Department Of Health Issues Alert For Increased Risk Of Heat Stress Through The Weekend



The New Mexico Department of Health (NMDOH) encourages everyone statewide to be mindful of heat-related illness and know the signs to look out for yourself and others as temperatures in most of the state have risen above 90 degrees, and southern New Mexico counties are experiencing extreme heat.

It is anticipated that high temperatures above 90 degrees will persist throughout the weekend. Outdoor recreation and outdoor activities should not be done during the typical hottest times of the day, between 11 a.m. and 6 p.m. Further, NMDOH urges New Mexicans to never leave children, pets or anyone in a parked car, even for a few minutes.

Data analysis from the New Mexico Environmental Public Health Tracking Program has found that even though temperatures of 86 degrees Fahrenheit may not seem high by some standards, it’s the temperature historically at which half of the cases of people requiring treatment for heat-related illness in New Mexico have sought medical help at local hospitals and emergency departments.

“People who work outdoors are especially prone to heat-related illnesses, which can have serious health outcomes,” said Department of Health Cabinet Secretary Kathy Kunkel. “The best ways to prevent heat-related illness are to stay hydrated, stay in the shade where possible and take rest breaks if you are working outdoors.”

Employers should implement occupational health plans that allow employees to adapt behaviors to high temperatures, provide water, and provide shaded areas for resting.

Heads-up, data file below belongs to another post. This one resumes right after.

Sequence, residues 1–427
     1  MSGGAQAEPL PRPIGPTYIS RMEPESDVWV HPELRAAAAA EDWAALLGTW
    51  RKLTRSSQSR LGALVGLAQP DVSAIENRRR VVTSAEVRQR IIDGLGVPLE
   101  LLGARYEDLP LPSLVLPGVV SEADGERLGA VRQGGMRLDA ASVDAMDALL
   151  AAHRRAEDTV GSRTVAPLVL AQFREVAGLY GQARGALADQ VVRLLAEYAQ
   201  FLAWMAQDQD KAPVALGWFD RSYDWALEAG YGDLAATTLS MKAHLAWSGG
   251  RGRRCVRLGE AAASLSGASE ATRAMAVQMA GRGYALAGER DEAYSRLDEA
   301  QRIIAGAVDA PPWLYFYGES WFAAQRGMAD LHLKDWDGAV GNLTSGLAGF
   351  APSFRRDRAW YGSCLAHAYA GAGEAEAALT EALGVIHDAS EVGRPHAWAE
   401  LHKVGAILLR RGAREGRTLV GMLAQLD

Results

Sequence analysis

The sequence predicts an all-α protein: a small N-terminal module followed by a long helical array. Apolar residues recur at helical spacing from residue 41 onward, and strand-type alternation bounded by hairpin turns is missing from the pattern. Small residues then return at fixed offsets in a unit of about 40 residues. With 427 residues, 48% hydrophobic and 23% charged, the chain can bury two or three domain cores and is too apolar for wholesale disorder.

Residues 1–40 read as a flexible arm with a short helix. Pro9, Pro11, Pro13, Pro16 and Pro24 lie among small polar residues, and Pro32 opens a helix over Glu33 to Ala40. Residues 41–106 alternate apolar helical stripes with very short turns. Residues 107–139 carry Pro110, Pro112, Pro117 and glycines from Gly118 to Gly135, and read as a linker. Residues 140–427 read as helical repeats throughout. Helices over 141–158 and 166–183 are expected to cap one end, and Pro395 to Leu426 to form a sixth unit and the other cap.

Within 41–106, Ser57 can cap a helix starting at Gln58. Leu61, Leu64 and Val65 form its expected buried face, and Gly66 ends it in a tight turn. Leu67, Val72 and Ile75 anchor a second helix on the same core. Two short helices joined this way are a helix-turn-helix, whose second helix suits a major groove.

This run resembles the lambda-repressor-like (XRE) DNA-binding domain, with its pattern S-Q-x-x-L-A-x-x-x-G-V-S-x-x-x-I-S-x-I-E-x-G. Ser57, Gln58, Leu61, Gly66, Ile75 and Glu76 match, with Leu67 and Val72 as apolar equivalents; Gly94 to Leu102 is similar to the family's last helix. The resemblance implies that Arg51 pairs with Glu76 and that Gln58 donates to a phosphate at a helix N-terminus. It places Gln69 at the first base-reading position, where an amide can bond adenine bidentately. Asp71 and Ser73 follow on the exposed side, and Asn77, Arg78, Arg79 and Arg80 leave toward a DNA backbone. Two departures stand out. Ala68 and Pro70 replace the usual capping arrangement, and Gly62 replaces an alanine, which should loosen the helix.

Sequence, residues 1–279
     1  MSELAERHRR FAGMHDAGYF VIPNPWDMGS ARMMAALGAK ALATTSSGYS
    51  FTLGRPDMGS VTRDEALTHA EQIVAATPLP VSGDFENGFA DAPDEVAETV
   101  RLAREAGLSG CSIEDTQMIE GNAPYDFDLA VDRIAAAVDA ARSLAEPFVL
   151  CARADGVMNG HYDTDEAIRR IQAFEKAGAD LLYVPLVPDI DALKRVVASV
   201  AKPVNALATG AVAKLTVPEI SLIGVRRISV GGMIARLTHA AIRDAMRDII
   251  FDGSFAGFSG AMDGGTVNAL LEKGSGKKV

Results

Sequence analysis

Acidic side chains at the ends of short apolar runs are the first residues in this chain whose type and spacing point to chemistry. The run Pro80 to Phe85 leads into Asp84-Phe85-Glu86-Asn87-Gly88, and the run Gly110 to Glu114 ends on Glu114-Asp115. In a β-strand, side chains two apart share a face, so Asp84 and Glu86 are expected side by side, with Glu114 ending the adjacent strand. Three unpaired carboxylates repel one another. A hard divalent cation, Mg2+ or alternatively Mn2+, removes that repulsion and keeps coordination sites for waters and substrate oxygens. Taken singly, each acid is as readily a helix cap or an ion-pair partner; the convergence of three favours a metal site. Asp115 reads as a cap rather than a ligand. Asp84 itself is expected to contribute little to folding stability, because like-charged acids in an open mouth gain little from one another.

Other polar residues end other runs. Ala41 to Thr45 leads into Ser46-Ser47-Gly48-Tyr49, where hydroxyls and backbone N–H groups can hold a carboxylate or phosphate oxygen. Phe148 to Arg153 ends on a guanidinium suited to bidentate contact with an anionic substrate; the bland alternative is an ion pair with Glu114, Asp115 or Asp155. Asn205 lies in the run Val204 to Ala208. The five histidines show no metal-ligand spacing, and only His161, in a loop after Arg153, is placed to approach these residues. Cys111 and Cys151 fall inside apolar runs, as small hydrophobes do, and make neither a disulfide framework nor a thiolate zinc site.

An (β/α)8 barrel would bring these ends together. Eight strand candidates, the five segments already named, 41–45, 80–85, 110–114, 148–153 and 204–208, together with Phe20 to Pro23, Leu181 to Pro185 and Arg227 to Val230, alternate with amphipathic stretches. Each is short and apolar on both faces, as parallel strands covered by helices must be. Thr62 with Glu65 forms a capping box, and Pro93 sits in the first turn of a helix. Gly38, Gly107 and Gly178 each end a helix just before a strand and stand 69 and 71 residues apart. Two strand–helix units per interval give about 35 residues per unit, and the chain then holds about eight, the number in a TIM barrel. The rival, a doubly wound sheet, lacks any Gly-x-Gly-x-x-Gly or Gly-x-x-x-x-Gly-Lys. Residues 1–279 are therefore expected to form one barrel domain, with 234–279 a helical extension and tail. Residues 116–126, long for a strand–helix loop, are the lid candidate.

Heat stress is a heat-related illness which can have many symptoms like dizziness, nausea, cramping, and weakness. To help New Mexicans and visitors spot the signs of heat-related illnesses and to help them avoid becoming ill, NMDOH offers tips at:

During this period of extreme heat, people should stay inside places with evaporative cooling (swamp coolers) or central air conditioning to cool off and should drink plenty of plain water. Local entities and community organizations should consider deploying their plans and systems as needed for ensuring people in their community have access to drinking water and checking on those who are home-bound (including those in self-isolation and quarantine) and the elderly. If communities provide cool places for those who do not have personal access to housing with cooling, assure that facilities comply with CDC guidance on COVID-19 and cooling centers, found at:

For more information about heat-related illnesses and much more, please visit